Emerson says: “Whilst common sense looks at things or visible nature as real and final facts, poetry, or the imagination which dictates it, is a second sight, looking through these, and using them as types or words for thoughts which they signify.” Using these faculties and not mere eyesight, one must surely say: “Since this world, in power, fineness, finish, beauty, and adaptations not only surpasses our accomplishment, but also is past our finding out to its perfection, it must have been made by One stronger, finer, and wiser than we are.”
Reprinted from _The Chautauquan_.
When the Russians charged on the Grivitza redoubt at Plevna they first launched one column of men that they knew would be all shot down long before they could reach it. But they made a cloud of smoke under the cover of which a second column was launched. They would all be shot down. But they carried the covering cloud so far that a third column broke out of it and successfully carried the redoubt. They carried it, but ten thousand men lay on the death-smitten slope.
So the great ocean sends eight or ten thousand columns a day to charge with flying banners of spray on the rocky ramparts of the shore at Santa Cruz, California.
There are not many things in the material world more sublime than a thousand miles of crested waves rushing with terrible might against the rocky shore. While they are yet some distance from the land a small boat can ride their foaming billows, but as they approach the shallower places they seem to take on sudden rage and irresistible force. Those roaring waves rear up two or three times as high. They have great perpendicular fronts down which Niagaras are pouring. The spray flies from their tops like the mane of a thousand wild horses charging in the wind. No ship can hold anchor in the breakers. They may dare a thousand storms outside, but once let them fall into the clutch of this resistless power and they are doomed. The waves seem frantic with rage, resistless in force; they rush with fury, smite the cliffs with thunder, and are flung fifty feet into the air; with what effect on the rocks we will try to relate.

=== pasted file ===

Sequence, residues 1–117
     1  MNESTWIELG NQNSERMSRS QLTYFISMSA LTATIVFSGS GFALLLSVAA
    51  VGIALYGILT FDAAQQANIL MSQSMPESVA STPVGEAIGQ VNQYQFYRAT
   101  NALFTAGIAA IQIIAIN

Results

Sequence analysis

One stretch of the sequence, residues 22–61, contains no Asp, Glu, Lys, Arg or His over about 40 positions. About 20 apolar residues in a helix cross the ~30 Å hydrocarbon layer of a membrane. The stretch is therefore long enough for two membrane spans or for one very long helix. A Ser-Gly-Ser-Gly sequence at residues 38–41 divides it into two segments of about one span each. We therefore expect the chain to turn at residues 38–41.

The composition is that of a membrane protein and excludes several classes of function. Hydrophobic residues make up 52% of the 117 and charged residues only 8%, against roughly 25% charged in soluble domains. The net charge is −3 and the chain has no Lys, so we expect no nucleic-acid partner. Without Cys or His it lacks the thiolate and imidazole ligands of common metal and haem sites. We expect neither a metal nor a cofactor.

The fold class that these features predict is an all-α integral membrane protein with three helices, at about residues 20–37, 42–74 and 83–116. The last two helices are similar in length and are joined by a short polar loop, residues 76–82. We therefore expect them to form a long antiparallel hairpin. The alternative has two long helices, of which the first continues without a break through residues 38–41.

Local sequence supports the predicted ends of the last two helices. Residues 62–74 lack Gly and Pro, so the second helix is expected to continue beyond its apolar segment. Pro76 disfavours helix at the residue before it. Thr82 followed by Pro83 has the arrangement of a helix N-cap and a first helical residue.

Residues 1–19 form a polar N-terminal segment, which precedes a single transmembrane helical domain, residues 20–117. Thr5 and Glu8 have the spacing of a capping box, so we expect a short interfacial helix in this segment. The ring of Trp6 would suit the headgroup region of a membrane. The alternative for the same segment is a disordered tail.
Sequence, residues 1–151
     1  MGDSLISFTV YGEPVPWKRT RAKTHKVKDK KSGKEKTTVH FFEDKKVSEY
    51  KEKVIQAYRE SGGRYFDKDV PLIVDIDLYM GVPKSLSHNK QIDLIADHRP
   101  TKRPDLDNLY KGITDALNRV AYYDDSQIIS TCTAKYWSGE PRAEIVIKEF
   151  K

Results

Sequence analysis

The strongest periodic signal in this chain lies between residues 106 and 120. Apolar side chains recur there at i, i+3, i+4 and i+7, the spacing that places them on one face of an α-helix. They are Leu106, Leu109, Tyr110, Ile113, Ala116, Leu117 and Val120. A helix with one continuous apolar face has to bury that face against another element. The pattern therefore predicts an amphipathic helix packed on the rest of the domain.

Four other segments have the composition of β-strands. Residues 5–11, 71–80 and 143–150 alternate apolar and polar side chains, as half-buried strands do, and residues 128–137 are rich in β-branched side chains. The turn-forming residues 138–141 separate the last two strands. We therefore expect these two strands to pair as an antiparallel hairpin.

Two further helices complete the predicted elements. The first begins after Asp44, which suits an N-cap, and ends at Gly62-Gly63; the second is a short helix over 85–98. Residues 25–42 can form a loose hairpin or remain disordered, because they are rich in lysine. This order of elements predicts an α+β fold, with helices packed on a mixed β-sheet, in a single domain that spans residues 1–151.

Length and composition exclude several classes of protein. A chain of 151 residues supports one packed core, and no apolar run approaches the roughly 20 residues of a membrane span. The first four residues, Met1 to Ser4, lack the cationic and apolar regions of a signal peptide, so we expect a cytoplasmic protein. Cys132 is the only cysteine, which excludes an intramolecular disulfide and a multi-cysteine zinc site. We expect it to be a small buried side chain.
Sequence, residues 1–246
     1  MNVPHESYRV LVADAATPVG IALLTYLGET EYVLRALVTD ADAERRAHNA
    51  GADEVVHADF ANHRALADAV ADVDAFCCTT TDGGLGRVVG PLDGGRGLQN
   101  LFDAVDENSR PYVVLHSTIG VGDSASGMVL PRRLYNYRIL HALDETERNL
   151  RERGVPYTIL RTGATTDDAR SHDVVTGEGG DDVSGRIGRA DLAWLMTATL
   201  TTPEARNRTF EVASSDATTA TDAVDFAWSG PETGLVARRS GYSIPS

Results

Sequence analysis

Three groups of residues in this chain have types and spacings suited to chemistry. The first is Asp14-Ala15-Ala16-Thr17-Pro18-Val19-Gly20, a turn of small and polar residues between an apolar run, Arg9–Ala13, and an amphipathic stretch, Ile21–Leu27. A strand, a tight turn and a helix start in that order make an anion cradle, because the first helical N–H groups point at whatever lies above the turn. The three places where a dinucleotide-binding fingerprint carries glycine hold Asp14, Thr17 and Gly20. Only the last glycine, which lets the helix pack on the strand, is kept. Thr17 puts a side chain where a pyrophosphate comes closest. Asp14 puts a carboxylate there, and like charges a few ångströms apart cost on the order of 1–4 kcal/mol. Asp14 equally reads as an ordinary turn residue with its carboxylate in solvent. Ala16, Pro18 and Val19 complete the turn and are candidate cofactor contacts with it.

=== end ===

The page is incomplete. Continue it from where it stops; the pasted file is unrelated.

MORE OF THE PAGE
[Illustration: “The Breakers,” Santa Cruz, Cal.]
No. 1 of our illustrations shows “The Breakers,” a two-story house of that name where hospitality, grace, and beauty abide; where hundreds of roses bloom in a day, and where flowers, prodigal as creative processes, abound. The breakers from which the house is named are not seen in the picture. When the wind has been blowing hard, maybe one hundred miles out at sea, they come racing in from the point, feather-crested, a dozen at once, to show how rolls the far Wairoa at some other world’s end. All these pictures are taken in the calm weather, or there would be little seen besides the great leaps of spray, often fifty feet high. At the bottom of the cliff appear the nodules and bowlders that were too hard to be bitten into dust and have fallen out of the cliff, which is fifty feet high, as the sea eats it away. Some of these are sculptured into the likeness effaces and figures, solemn and grotesque. It is easy to find Pharaoh, Cleopatra, Tantalus, represented here.